Beth Burgess (Kate Beckinsale) is a terrible journalist and the main character of Paramount+’s dark comedy television series Guilty Party. The series shows her on a quest for redemption after losing her respectable job as an investigative reporter at a prominent Colorado newspaper. But everything that Beth does in this clumsy, unfunny show makes her seem more like someone who’s never even taken a journalism class, let alone won a prestigious industry award. Beth is petty, self-serving, oblivious, and obnoxious, but the show doesn’t present her as a villain or even an antihero. Beckinsale does what she can to make Beth likable, but she’s miscast in a role that should be played with more grit and angst than she delivers.
However, it’s not entirely Beckinsale’s fault. Guilty Party’s problems start with the writing from creator Rebecca Addelman, a TV veteran whose credits range from New Girl to Dead to Me to various animated Adult Swim shows. The tone for Guilty Party is wildly inconsistent, and it’s tough to find any humor in the central plot. A year after being fired from the Denver Chronicle for fabricating quotes in a story, Beth now works for a clickbait website churning out pop-culture listicles, but she yearns to return to her former glory as a respected journalist. So when she receives a letter from convicted murderer Toni Plimpton (Jules Latimer), claiming that Beth is the only person who can prove Toni’s innocence, she jumps into action.
Of course, Beth is mostly interested in landing a juicy story that will force her former colleagues to pay attention to her again. Her co-workers are quick to point out the problematic nature of her efforts to use a Black inmate as her conduit back to respectability. “It reeks of white-saviorism,” says her disaffected millennial boss, who is, of course, also white.
But like most of Guilty Party’s potential satirical targets, the racial politics are acknowledged and then glossed over, in a way that is neither funny nor insightful. Nothing about the website where Beth works is remotely convincing, and the show makes outdated jokes about Harry Potter personality quizzes and Taylor Swift rumor-mongering. Beth is presented as so unaware of pop culture that it’s unclear what, if anything, she actually does in this job.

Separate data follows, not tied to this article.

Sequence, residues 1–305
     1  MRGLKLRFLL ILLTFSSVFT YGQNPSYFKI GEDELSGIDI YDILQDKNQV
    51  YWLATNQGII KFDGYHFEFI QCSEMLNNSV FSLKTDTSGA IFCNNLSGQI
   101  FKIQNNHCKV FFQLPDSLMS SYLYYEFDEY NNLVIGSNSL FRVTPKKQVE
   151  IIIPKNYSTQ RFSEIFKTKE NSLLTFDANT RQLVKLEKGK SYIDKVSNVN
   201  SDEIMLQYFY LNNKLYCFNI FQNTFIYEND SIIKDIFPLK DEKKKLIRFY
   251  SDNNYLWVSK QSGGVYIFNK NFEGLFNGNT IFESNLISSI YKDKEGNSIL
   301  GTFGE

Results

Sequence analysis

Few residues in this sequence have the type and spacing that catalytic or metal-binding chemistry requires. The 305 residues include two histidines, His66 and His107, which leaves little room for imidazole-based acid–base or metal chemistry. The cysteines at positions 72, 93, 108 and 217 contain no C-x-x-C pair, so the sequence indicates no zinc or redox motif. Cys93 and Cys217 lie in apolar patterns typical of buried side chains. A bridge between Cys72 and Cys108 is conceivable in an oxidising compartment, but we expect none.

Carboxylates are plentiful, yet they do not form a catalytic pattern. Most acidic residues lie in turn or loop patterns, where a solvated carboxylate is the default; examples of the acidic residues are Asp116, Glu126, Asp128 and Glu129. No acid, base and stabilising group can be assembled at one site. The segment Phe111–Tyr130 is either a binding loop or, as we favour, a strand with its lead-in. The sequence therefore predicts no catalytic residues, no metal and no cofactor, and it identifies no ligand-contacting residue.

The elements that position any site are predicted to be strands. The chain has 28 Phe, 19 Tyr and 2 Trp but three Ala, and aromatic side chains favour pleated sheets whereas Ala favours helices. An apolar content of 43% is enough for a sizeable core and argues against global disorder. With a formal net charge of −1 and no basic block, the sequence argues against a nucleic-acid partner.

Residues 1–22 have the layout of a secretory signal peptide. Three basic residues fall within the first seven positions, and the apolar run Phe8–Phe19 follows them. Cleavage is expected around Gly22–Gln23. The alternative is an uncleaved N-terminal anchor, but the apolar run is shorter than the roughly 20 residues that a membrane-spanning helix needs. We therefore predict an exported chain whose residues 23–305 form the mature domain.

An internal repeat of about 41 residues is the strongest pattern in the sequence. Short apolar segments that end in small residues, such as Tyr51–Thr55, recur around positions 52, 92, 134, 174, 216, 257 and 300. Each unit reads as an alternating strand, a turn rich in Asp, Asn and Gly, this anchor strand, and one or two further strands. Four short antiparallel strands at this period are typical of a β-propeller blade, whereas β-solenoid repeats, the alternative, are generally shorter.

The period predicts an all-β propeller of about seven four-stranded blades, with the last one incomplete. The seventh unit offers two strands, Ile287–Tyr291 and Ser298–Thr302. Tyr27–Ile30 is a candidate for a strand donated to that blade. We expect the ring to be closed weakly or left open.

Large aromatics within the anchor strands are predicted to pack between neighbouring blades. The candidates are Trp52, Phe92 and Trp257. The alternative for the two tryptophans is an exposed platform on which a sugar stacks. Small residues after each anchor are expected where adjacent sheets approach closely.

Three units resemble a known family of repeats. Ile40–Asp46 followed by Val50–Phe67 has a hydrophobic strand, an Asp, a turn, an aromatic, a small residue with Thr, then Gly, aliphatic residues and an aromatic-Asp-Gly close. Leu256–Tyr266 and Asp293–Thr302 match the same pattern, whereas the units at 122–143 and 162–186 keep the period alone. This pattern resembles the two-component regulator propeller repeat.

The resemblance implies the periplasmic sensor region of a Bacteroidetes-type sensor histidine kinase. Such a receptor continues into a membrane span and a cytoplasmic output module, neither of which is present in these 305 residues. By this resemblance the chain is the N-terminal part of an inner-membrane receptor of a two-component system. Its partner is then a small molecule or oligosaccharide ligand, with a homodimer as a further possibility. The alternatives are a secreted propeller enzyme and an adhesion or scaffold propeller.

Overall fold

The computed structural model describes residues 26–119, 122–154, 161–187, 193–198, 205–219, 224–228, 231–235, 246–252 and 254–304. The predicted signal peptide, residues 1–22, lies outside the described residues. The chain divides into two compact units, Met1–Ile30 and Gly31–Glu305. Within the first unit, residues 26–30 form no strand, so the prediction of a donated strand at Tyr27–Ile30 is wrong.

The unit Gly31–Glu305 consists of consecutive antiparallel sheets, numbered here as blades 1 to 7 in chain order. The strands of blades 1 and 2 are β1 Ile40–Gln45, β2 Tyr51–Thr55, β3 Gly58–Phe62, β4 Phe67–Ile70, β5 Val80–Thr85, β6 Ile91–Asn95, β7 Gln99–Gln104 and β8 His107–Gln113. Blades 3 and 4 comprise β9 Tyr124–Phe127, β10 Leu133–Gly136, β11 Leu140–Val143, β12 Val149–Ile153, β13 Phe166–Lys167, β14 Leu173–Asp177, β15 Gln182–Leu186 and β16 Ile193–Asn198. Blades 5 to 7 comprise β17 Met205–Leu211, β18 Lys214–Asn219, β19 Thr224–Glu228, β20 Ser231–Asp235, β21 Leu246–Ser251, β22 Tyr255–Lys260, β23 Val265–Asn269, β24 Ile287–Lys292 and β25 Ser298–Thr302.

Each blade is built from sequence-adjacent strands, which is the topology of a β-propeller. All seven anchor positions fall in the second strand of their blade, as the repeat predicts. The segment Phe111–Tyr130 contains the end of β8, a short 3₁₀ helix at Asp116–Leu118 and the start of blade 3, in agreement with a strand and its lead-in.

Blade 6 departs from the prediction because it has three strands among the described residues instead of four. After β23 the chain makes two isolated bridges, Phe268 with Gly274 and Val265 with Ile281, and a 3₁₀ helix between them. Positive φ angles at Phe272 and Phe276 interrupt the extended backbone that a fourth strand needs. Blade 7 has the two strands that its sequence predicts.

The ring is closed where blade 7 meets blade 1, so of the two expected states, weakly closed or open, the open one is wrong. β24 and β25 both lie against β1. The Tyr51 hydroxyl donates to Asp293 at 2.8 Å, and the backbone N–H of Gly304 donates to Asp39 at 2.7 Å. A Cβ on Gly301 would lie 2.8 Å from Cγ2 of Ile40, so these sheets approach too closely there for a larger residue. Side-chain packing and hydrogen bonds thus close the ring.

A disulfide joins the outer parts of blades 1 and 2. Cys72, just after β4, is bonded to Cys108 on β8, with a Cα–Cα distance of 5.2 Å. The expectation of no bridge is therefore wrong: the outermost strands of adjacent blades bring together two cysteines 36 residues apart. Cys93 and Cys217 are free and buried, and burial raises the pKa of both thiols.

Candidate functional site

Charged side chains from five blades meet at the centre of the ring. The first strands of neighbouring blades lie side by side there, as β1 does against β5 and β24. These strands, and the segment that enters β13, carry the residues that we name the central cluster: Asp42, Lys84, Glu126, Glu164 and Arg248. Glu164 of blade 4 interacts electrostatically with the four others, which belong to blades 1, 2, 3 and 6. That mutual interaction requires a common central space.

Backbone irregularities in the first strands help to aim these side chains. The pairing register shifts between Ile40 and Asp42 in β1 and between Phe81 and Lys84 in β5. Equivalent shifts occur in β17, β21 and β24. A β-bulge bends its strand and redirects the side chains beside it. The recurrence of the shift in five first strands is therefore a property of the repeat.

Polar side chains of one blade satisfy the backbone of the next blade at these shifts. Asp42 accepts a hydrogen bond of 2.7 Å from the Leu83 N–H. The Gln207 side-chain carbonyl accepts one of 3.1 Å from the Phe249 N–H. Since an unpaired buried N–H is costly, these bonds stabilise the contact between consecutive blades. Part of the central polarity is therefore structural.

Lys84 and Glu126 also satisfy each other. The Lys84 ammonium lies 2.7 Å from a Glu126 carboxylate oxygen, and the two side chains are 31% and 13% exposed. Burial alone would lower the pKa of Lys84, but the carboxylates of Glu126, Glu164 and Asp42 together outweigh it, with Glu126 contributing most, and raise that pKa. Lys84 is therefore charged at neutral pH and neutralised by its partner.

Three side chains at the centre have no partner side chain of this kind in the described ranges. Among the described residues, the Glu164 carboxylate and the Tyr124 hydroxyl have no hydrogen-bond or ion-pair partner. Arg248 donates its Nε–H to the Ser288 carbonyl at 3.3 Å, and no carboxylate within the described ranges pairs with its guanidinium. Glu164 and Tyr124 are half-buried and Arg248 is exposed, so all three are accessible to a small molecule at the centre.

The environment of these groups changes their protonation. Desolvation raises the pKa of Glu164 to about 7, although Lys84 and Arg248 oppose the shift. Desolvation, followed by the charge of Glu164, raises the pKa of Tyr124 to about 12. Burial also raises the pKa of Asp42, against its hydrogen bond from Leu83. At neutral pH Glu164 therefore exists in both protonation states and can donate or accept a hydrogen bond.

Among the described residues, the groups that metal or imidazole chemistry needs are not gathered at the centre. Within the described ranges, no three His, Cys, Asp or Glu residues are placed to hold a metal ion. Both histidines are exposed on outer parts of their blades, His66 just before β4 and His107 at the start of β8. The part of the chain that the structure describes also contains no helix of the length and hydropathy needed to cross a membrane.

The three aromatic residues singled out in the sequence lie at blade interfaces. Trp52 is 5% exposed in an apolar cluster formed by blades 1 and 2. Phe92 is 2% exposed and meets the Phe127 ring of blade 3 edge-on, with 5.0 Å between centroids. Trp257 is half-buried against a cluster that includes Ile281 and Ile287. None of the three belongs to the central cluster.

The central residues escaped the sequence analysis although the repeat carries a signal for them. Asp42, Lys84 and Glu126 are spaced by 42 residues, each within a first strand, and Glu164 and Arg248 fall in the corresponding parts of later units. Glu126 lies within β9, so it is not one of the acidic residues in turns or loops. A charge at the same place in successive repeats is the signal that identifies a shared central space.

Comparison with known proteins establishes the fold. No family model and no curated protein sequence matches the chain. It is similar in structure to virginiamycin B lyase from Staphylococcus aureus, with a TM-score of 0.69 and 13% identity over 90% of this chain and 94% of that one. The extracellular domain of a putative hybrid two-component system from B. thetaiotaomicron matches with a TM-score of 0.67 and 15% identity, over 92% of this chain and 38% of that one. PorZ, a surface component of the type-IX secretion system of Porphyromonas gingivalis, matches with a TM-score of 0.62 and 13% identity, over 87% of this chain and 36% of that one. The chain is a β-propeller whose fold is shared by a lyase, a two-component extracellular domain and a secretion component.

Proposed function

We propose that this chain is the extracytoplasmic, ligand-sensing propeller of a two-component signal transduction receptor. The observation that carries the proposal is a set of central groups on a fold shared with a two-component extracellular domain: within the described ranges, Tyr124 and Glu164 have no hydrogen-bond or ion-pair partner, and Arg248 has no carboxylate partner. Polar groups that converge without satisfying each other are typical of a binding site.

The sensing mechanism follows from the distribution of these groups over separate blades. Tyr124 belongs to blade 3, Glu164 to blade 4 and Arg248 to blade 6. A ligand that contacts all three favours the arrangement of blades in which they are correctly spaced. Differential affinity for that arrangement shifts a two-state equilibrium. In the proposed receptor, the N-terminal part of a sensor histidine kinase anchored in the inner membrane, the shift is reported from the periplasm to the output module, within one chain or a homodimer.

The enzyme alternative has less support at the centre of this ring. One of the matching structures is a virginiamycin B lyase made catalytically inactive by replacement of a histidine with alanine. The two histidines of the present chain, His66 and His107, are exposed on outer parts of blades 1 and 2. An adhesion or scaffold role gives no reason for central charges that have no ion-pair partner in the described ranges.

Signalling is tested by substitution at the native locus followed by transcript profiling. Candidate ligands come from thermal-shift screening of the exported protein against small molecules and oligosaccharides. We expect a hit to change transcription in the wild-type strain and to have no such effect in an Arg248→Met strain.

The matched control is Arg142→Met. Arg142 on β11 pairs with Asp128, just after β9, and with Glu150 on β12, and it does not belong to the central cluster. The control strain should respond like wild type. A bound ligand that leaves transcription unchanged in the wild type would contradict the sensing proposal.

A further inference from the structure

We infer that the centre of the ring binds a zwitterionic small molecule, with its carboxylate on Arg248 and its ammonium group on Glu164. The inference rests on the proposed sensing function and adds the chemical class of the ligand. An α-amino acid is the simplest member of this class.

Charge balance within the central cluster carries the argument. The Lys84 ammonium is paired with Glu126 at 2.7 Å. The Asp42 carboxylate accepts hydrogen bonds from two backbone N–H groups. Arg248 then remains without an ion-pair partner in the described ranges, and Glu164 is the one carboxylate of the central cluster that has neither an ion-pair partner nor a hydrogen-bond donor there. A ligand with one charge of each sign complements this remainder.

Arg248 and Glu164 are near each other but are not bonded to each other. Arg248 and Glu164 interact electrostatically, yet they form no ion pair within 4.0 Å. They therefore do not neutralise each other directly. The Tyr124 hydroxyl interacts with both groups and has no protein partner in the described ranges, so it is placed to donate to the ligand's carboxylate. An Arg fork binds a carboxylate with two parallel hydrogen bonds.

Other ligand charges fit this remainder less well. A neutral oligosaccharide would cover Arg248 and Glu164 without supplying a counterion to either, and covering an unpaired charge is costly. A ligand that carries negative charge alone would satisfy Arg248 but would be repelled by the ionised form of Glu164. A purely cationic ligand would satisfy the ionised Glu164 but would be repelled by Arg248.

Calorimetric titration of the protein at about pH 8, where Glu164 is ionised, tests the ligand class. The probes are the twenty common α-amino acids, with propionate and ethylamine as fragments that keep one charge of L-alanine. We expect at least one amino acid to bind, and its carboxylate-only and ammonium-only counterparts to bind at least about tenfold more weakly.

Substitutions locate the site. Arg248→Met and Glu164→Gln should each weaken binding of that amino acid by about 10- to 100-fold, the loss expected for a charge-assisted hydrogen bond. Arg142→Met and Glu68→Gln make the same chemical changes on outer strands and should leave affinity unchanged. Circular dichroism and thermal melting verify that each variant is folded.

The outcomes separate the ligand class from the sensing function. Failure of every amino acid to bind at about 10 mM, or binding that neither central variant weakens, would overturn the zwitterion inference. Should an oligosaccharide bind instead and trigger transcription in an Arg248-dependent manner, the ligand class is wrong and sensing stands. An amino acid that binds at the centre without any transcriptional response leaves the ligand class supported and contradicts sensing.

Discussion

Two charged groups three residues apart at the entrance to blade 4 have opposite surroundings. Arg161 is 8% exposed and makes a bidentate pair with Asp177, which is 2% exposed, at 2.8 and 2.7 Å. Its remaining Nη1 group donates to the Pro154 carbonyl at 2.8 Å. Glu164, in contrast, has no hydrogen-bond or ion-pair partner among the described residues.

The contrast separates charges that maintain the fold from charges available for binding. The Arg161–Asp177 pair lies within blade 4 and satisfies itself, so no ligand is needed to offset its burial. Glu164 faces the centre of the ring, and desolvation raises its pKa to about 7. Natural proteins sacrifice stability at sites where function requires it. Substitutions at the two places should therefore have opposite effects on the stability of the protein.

The website is just a jumping-off point for Beth’s investigation, and in the three episodes provided for review, she becomes increasingly enmeshed in Denver’s criminal underworld. Although the characters question whether Toni is truly innocent, she’s presented mostly as righteous and determined, a mother who just wants to clear her name and see her daughter again. But everyone else that Beth encounters in her efforts to find out what really happened on the night that Toni allegedly murdered her husband is a complete buffoon. There’s never any real sense of danger, even as Beth is being threatened and intimidated by men with guns. The criminals have names like Tuna and Tugboat, and their operations are comically inept.
Beth is pretty inept, too, which makes her a good match for the people she’s up against, but not a particularly appealing protagonist. She’s meant to be sympathetic, but she engages in plenty of manipulative tactics to get Toni’s story. It’s hard to be on her side when she cares more about her image than about finding justice. Her husband Marco (Geoff Stults) is equally insufferable, completely insensitive to Beth’s career goals or her emotional needs.
There are occasional funny moments in Guilty Party’s send-up of TV news and true-crime programming. Beth tells Toni’s idiot brother-in-law Wyatt (Andre Hyland) that she works for a true-crime TV series called Crazy Bitches Who Kill, which is dishearteningly realistic-sounding. Beth’s chief rival is TV reporter Tessa Flores (Alanna Ubach), who affects a generic-sounding Latinx accent whenever she pronounces a Spanish-derived word or her own name.
Comedies like American Vandal and Only Murders in the Building have sharper takes on the true-crime genre. Search Party has spent four seasons crafting a more incisive, darker, and a funnier portrait of privileged narcissists who mistakenly think they can solve a crime. Presumably by the end of the 10-episode season, Beth will discover who really killed Toni’s husband, but there’s no urgency to the mystery. Guilty Party doesn’t work as either a comedy or a crime thriller. It’s a misguided attempt to mine laughs from racial injustice, starring a deeply unpleasant protagonist who gets a pass from both her peers and the show because she’s a pretty white woman. That’s not funny — it’s just depressing.